We've had kids who take video games so seriously that they sometimes get to enjoy a video game ban. At least once, before returning to video game action the kid had to read and discuss David A. Bednar's talk "Things As They Really Are."
Our youngest seems to be on the same path. He woke up this morning and I said, "Good morning, [Screamapilar]." He said nothing in return, but he then said to our older kid's stuffed dolphin Splash, "Good morning, Splashy."
I said, "You won't say hi to your father but you'll say hi to a pretend animal?" He said, "Splash is real." I said, "No, he's a collection of fabric and stuffing fashioned by a Chinese political dissident. Relationships with real people matter. Your parents and your siblings are real. Focus on those relationships first. Then, if you still have emotional bandwidth remaining, go ahead and have a relationship with a stuffed animal."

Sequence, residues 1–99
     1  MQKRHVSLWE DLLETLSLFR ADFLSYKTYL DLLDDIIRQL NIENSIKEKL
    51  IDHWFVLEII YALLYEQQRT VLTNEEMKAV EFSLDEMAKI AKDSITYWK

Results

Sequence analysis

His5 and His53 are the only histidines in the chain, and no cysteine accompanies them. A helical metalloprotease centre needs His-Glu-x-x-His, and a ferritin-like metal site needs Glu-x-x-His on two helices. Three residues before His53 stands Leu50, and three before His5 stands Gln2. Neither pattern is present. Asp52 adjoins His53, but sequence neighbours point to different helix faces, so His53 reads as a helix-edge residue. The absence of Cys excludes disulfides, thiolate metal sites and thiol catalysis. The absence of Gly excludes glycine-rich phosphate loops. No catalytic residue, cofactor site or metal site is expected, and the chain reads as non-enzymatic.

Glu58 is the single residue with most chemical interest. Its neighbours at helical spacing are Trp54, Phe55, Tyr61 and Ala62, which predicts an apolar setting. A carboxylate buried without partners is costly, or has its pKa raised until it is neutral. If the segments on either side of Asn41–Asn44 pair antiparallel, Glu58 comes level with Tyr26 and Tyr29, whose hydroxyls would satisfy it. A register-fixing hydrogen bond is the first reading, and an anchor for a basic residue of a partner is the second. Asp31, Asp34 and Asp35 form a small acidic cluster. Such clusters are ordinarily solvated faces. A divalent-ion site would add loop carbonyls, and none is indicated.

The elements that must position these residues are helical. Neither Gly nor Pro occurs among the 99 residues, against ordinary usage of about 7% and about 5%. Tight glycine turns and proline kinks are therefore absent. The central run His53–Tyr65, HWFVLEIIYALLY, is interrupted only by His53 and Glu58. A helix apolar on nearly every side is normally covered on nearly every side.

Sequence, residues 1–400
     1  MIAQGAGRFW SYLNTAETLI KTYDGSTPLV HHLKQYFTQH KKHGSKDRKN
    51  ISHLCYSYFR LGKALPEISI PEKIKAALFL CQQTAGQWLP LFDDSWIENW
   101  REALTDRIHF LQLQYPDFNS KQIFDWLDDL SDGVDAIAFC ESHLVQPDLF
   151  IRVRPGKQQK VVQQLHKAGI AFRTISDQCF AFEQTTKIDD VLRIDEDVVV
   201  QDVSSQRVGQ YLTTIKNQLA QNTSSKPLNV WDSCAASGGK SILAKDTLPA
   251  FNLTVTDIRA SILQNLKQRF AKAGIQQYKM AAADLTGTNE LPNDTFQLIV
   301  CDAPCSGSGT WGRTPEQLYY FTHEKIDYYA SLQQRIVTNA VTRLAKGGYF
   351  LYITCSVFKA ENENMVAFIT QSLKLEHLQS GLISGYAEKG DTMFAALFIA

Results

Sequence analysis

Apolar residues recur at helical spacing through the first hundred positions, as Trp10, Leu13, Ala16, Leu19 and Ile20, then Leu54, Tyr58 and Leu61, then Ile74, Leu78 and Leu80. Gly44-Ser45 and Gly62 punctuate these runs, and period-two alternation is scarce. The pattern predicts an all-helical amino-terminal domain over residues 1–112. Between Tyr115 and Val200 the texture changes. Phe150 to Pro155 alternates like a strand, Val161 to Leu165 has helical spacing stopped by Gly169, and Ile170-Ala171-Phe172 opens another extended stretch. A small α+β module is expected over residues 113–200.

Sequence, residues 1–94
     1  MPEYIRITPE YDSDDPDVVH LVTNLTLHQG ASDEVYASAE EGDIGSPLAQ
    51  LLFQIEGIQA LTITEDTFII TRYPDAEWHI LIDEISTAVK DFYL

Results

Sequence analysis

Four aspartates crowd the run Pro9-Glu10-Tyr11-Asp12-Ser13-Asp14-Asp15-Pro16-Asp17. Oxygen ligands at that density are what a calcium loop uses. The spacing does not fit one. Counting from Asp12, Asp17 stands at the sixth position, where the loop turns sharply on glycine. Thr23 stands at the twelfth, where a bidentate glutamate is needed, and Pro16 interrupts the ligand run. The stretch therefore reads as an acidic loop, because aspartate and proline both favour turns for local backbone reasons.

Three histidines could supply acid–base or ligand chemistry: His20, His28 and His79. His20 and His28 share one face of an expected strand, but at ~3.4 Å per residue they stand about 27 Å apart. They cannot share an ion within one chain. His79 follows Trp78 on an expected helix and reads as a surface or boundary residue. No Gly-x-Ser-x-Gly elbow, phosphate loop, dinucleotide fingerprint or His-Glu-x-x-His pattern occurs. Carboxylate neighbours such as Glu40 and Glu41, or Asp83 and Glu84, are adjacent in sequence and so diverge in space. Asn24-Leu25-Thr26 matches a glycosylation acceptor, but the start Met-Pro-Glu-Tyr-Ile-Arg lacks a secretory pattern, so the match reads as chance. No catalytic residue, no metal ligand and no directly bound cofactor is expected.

The saddest part of this is that I think our kids are way better than other kids their age when it comes to screen time, social media, and living in the real world. The inability of other families to limit their children's digital addictions is so bad that it's made libertarian me think, "There might be some wisdom in banning children from cell phones."